I’m not trying to pick on anything the administration is choosing to do. It’s just the idea that, going back to the Cold War and that idea that, for all of our flaws we still were better than what the Soviets were doing. That was a key component of winning that ideological struggle.

You don’t want to see that high ground ceded. We’ve got a lot of issues—race being one of them. But not as many or as severe as the Soviets or another state. So you don’t want to see that high ground ceded, because it’s so important to keeping our advantages as they relate to our national security.

How do you see the demonstrations that have erupted in the wake of George Floyd’s death at the hands of police?
PRESTON: In some ways, this feels a lot like a kind of Arab Spring type situation here. There you had the spark of a fruit vendor setting himself on fire in Tunisia and that served as the culmination of a series of events that built up pressure, and then that pressure was released. Having injustice, discrimination, can cause societal fissures that result in unrest. Unrest is a fact of all societies. We’re not immune to it.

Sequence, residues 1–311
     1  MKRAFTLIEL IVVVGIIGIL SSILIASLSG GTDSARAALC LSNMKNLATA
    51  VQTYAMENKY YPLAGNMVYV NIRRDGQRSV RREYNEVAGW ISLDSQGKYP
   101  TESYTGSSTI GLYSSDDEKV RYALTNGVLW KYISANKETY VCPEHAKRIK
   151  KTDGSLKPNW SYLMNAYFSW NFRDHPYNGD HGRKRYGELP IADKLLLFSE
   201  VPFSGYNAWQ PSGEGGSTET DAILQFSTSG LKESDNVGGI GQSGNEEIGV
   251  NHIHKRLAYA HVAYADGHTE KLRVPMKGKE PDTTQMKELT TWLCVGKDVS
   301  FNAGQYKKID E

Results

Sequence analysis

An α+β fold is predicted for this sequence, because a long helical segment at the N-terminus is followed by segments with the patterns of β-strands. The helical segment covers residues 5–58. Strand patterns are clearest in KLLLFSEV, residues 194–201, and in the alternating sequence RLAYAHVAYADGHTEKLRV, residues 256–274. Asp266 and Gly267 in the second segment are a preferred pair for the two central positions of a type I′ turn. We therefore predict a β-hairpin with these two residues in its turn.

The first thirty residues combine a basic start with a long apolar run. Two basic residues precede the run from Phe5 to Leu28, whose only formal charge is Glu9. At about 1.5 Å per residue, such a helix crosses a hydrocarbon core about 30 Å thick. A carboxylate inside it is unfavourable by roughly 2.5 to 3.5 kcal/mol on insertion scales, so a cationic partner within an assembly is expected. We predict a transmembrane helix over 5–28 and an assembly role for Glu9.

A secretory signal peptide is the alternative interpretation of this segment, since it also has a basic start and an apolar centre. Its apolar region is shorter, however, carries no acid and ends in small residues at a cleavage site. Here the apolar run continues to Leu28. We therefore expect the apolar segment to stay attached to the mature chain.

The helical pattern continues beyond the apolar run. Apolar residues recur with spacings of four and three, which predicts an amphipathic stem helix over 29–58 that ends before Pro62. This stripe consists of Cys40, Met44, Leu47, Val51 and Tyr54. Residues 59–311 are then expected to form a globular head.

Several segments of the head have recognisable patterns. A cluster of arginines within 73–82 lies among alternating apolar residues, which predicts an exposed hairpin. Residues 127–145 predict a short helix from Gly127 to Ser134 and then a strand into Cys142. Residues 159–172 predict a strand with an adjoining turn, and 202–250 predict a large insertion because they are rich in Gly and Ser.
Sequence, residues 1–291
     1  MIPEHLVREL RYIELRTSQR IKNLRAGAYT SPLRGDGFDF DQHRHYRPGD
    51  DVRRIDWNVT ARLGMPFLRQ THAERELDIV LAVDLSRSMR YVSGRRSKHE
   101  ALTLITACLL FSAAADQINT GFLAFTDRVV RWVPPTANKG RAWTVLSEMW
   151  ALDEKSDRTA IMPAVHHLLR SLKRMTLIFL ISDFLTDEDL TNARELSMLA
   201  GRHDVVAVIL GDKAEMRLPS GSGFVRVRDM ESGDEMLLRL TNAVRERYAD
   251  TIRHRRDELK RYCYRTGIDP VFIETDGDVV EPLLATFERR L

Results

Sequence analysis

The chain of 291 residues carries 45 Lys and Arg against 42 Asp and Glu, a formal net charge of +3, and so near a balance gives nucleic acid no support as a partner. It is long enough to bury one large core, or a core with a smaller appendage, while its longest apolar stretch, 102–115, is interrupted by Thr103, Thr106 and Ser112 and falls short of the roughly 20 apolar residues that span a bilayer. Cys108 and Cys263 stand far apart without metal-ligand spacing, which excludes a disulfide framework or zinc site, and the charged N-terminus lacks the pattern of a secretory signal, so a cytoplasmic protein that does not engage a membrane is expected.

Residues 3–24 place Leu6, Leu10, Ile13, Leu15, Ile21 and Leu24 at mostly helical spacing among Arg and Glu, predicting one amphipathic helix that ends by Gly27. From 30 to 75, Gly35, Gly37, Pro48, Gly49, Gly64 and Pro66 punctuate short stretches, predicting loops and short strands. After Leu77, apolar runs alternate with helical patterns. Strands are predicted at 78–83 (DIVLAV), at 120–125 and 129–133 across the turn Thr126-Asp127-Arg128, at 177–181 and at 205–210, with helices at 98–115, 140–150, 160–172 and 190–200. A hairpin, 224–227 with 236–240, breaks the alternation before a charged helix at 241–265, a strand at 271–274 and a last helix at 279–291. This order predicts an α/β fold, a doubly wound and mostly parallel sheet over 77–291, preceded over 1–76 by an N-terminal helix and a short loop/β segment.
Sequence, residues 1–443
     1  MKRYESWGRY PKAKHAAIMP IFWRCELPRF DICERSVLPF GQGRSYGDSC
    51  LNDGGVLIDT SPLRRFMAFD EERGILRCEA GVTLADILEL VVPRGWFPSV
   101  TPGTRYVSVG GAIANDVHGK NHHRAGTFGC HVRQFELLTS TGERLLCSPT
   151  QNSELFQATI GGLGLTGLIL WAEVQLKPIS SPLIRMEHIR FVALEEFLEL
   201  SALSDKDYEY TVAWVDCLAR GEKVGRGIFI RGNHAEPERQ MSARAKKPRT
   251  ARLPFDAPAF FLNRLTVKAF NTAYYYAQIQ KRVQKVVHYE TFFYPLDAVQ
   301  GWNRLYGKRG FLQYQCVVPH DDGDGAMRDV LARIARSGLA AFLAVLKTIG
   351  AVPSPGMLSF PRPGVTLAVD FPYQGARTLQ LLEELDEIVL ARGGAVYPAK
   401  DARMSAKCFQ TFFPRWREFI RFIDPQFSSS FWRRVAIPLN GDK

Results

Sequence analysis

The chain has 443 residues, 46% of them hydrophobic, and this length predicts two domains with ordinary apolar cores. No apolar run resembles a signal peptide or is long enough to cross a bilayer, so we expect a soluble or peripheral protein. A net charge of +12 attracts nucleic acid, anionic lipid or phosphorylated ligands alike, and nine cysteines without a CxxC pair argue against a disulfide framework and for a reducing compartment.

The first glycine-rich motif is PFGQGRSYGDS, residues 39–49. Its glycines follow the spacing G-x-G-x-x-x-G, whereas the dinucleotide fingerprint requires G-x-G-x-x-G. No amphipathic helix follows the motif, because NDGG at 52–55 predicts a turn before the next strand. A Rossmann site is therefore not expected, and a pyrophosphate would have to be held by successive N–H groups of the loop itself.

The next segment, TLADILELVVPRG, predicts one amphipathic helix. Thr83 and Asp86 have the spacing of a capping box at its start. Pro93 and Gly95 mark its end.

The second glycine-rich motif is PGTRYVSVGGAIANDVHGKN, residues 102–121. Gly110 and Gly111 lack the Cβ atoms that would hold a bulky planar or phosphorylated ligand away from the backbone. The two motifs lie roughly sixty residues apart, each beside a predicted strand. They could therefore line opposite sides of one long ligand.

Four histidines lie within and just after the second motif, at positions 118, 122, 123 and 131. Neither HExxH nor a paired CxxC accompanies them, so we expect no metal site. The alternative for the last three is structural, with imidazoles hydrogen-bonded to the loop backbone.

Citizens took to the streets in Tunisia in 2010 following the death of a fruit seller who set himself on fire in frustration at the country’s ongoing corruption. The protests turned into a revolution that launched the Arab Spring.

In Tunisia, they were rebelling against a dictator in power for a generation. Is this the same thing?
PRESTON: No, no, no. I don’t think this is a rebellion against Trump. As an African American, I see this as a longstanding issue that’s spanned administrations. People are protesting against systemic issues that are deeply ingrained in the founding of our nation. We saw 400 years from when the first slave ships landed on our shores. People will make decisions in November based upon how things are reacted to by the administration, but I do think that what we’re seeing is more of a reaction to how things have gone in the country, and less a response to any particular person, unlike the Arab Spring.

GEORGE: I think Preston is absolutely right. This has been a long time coming and it’s been exacerbated by other factors. And in the absence of unified government leadership and unified appreciation of what the government offers, especially in a time of crisis, who has to step into the void? It’s businesses. Businesses are being forced to engage in these political and economic and social conversations that were once reserved primarily for government.